Some of your readers may find this helpful.

    Anything to promote the wonders of hand tool woodworking!

  • stmfitr636

    What a great opportunity to teach her about octagons, hexadecagons, triacontadigons and the such.

  • mtnjak

    As a father of one (son) and soon to be father of two (a girl) in one month, I find this article very interesting. I wonder if I could take similar photos with my daughter 10 years from now? Oh, well. Got to work on the son’s skills first of course!

  • KC Kevin

    Great post, Chris. So tell me is she go to teach the teacher when she gets to wood shop in High school?

  • Marlon1

    I have a 1 year old too. She likes to watch me work on the wood, but not as much as my 6 year old. You made a good decision to take on your new apprentice. Thanks for being my teacher also.

  • Fred West

    Great post Chris. I do not know who is luckier, you or her. Fred

  • donwilliams

    Chris you have just spoken truth to the enterprise of being an adult, to inculcate maturity into the young. Its paucity in our instant gratification culture is in great part behind most of the problems we face as a culture and a nation. too many people with big bodies want to have people with little bodies around as pets or trophies, not offspring to be nurtured in the wisdom of the ages.

  • Sean A

    Cool story Chris. Just don’t make your apprentice sleep in the shop like in the olden days. DFACS might come knocking on your door! (^:

  • BLZeebub

    Ditto what you say about UN-learning a thing. Bad habits are just that, BAD. Good habits are hard won but worth the effort. My pops didn’t teach me what I know now BUT he did teach me the basics starting with stance, body position relative to the work, controlled force and most importantly how to put an edge on a tool. Good stuff on which I’ve been able to expand comprehensively because my father cared enough to make sure I got off on the right foot.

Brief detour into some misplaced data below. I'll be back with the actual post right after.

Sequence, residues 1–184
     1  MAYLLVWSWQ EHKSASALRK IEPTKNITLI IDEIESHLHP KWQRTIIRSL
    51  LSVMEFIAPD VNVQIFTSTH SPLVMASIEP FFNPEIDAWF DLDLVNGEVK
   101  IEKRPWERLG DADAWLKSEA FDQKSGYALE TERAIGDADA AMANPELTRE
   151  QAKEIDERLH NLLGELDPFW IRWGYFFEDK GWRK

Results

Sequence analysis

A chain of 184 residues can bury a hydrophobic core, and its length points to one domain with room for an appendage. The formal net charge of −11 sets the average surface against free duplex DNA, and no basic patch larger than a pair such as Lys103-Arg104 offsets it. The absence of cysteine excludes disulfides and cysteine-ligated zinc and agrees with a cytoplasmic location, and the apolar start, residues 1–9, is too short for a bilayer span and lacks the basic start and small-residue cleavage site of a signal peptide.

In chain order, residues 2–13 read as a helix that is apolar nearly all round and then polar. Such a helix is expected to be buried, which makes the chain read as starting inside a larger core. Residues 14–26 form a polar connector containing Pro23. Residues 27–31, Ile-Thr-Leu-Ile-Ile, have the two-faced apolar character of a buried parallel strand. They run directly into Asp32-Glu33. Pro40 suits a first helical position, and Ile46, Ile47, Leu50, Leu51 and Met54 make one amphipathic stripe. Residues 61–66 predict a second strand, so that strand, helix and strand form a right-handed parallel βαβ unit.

Also, he taught me that you can do a great number of things better if you can train yourself to be ambidextrous. I still can’t swing a hammer with my left but I can push a saw as well as I can with my right. Go figure.

  • robert

    That is so cool.

  • woodcanuck

    Keep these posts coming Chris. I’ve got a daughter turning 11 next week and she loves coming out into the shop with me…as long as the power tools stay off (her rule, not mine).

    She’s showing a lot of interest in wood and hand tools. It’s posts like these that help me focus my time in the shop with her to give her the best base from which to develop her interest.


    PS…dang that’s a good lookin’ chili dog!

  • yaakov

    Can I be your older apprentice? Or do you need a secretary, personal assistant, sidekick, lacky, toadie, shop dog or a man friday?

    My oldest girl is 9 and she visits me in the shop from time to time, but my 2 year old boy loves being in the shop with me all the time. I hope he will be my right hand man one day.

    BTW, I wanted to thank you so much for teaching me about Roubo and teaching me (via books) how to build a Roubo workbench. It has made me a better woodworker and a MUCH happier woodworker. You da man!


  • Snugitup

    It never ceases to amaze me how kids can appreciate the finer points of craftsmanship if someone takes the time to teach them. That’s one lucky kid!

  • Superhero

    No adoptions??

  • chris k.

    AWESOME Chris!

    Thank you for the inspiration, I owe my 11 and 8 YO daughters a date to turn some pens to start thier woodworking endeavors.

    Cant wait for the next installments!

  • Jonathan Szczepanski

    Well done Chris. Soon I will be in the same boat as well. Hopefully I will be able to steer them right, and not run it aground.


  • Eric R

    If you look at the whole picture, both of you couldn’t be luckier!
    Way to go Chris.

  • MarkHochstein

    I love these posts! My girls aren’t old enough yet, but every time you post one of these it warms my heart! I really hope you take notes and write an article some day on the best steps to acclimate kids to the shop, useful tools for their small hands, and projects that suit teaching them. Keep up the great work!

  • thumphr


    What else is there to say…

Start typing and press Enter to search